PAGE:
Scleroderma literally means "hard skin", derived from the Greek words sklerosis (which means hardness) and derma (which means skin). Often thought of as a single disease, scleroderma is actually a symptom of a group of diseases that are complicated by an abnormal growth of connective tissue ( tissue which supports the skin and internal organs).
Some types of scleroderma have a limited abnormal process which primarily making the skin hard and tight. Other types are more complicated, affecting blood vessels and internal organs, such as the:
Scleroderma is considered both a rheumatic disease (conditions characterized by inflammation and pain in the muscles, joints, or fibrous tissue) and a connective tissue disease (conditions that affect the major substances in the skin, tendons, and bones.)
There are two main classes of scleroderma:
- localized scleroderma (affects only certain parts of the body)
- systemic sclerosis (affects the whole body)
Localized types of scleroderma affect the skin and related tissues, and sometimes the muscle below. Internal organs are not affected. Localized scleroderma can never progress to the systemic type of the disease. Localized types can improve over time, but the skin changes that occur when the disease is active can be permanent. It can be serious and disabling. There are two types of localized scleroderma: Morphea and Linear.
Reddish patches of skin that thicken into firm oval-shaped areas are distinctive of the morphea type of localized scleroderma. The center of the patches are ivory, with violet borders. The patches can occur on the:
The patches typically sweat little and have little hair growth. Morphea can be localized (limited to one or several patches, ranging from half-inch to 12 inches in diameter) or generalized (skin patches are hard and dark and spread over larger areas of the body.) Morphea generally fades out in 3 to 5 years but people can have dark skin patches and, though rare, muscle weakness which remains.
A distinctive single line or band of thickened, abnormally colored skin typically characterizes the linear type of localized scleroderma. The line typically runs down an arm or leg but can run down the forehead.
Systemic sclerosis not only affects skin but also involves blood vessels and major organs.
People with systemic sclerosis often have symptoms of all of the following, known as CREST:
- Calcinosis (formation of calcium deposits in the connective tissue)
- Raynaud's phenomenon (small blood vessels of hands or feet contract in response to cold or anxiety. Hands or feet turn white, cold, then blue)
- Esophageal dysfunction (impaired function of esophagus occurs when smooth muscles in the esophagus lose normal movement)
- Sclerodactyly (thick and tight skin on fingers resulting from deposits of excess collagen within skin layers)
- Telangiectasias (small red spots on the hands and face caused by swelling of tiny blood vessels)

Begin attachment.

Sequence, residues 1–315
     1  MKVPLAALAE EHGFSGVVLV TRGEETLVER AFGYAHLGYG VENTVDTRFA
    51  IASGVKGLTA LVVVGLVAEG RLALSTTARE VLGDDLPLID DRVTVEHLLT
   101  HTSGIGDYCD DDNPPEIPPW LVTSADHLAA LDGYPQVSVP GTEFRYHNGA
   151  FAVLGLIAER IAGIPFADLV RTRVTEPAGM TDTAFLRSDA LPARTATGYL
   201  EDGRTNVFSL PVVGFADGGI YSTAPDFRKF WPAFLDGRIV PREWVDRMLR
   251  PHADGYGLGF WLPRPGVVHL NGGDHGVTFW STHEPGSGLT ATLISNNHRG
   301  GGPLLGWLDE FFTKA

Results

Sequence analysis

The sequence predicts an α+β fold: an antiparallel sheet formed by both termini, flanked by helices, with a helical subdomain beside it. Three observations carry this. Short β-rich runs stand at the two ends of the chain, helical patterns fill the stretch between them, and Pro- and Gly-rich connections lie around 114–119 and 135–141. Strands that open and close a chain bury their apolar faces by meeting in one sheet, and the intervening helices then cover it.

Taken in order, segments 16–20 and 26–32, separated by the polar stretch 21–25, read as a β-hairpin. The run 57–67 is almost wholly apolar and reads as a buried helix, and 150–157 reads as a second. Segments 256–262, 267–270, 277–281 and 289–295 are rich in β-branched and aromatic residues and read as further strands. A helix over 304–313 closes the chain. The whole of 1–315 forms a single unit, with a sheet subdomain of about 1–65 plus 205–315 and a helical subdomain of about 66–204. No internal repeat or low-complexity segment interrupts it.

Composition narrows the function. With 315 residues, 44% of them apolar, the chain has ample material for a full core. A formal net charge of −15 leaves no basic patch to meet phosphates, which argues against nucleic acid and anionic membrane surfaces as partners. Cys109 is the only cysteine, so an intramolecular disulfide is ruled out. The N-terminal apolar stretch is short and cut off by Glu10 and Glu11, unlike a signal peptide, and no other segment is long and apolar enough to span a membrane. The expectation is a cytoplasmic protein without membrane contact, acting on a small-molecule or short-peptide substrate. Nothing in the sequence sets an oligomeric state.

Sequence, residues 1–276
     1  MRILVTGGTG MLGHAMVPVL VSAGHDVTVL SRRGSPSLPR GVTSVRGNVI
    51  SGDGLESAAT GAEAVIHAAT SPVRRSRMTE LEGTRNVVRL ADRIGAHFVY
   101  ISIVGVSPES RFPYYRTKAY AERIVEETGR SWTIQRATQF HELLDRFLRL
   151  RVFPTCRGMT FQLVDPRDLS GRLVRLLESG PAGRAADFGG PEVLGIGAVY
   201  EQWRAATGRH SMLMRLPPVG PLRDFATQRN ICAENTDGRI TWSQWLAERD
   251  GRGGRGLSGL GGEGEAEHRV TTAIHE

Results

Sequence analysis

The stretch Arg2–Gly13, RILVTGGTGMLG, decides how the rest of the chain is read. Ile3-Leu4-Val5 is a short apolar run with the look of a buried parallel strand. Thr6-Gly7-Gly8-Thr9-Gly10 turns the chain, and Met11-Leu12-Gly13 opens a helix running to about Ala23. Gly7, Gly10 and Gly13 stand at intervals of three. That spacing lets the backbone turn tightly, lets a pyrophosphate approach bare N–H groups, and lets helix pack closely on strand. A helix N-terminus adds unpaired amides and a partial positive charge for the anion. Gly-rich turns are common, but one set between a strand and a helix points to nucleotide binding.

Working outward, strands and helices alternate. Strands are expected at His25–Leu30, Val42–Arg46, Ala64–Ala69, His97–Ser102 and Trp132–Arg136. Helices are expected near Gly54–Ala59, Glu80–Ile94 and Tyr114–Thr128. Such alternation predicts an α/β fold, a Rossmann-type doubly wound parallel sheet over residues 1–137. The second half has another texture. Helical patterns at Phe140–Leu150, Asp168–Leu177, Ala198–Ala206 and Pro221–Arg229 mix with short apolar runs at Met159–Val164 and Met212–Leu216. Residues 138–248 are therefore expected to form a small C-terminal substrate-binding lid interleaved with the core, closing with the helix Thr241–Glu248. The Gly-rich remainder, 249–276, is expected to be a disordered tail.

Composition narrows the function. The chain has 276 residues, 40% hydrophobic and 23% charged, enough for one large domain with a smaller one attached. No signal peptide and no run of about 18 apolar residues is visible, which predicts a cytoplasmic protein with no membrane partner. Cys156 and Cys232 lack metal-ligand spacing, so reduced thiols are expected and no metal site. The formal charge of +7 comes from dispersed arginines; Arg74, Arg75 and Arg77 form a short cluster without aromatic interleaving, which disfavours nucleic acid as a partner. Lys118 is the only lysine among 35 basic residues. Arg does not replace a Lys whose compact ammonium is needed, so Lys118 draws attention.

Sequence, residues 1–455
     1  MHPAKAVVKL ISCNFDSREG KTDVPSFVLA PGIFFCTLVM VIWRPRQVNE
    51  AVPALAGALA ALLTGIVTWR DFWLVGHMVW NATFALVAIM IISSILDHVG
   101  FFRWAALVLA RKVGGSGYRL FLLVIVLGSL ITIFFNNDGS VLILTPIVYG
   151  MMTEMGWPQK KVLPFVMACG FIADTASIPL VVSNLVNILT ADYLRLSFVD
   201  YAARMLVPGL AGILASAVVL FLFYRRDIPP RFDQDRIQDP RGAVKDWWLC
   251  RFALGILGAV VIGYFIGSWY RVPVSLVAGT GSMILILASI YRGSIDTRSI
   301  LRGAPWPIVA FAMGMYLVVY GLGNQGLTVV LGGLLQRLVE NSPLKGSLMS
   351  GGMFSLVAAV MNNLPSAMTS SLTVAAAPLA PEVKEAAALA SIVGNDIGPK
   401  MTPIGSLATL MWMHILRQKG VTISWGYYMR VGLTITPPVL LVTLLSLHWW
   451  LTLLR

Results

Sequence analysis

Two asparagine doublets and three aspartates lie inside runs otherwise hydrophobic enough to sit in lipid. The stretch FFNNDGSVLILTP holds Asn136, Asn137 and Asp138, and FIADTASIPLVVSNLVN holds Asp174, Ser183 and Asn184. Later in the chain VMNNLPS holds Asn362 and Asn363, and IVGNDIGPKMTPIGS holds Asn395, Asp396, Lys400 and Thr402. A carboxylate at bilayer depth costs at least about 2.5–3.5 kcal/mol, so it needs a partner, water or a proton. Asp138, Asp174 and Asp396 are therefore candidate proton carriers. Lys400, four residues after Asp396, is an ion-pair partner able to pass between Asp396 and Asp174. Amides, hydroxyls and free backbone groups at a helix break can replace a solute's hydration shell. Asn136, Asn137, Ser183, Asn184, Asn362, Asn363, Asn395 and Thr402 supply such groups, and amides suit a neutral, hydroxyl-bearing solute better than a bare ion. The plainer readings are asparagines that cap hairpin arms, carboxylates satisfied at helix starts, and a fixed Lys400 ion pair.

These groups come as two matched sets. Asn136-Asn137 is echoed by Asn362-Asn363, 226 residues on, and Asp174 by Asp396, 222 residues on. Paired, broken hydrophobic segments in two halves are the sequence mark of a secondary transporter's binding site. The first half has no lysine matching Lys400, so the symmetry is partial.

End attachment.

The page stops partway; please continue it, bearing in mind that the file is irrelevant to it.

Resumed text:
Systemic sclerosis is broken into two categories, diffuse and limited.
Limited scleroderma typically has gradual onset and is restricted to certain areas of the skin, such as:
- lower arms
Raynaud's phenomenon is often experienced for years before skin thickening is evident. Others experience skin problems over much of the body, which shows improvement over time, leaving only the face and hands with tight, thickened skin. Calcinosis and telangiectiasias often follow. Limited scleroderma is sometimes referred to as CREST syndrome because of the predominance of CREST symptoms in these patients.
Diffuse scleroderma typically has sudden onset. Skin thickening is quick and covers much of the body, typically in a symmetric pattern. Major internal organs can be damaged. Symptoms common with diffuse scleroderma include:
- loss of appetite or loss of weight
- joint swelling
- joint pain
Skin can swell, appear shiny, and feel tight and itchy. The damage of diffuse scleroderma occurs over a period of a few years.
After about 3 to 5 years, patients tend to stabilize, a phase when progression seems little and symptoms subside -- but gradually, skin changes begin again. A phase recognized as softening occurs, during which less collagen is made and the body rids itself of excess collagen. The last areas thickened are reversibly softened. Some patient's skin returns to what seems like normal while the skin of others becomes thin and fragile. Patients with diffuse scleroderma face the most critical prognosis, if they develop complications in the:
- digestive tract
Less than one-third of patients with the diffuse type of scleroderma develop these complications.
Some recognize sine scleroderma as a third category of systemic sclerosis. Sine scleroderma differs from limited or diffuse systemic sclerosis by not affecting the skin.
Scleroderma Handout On Health. NIAMS.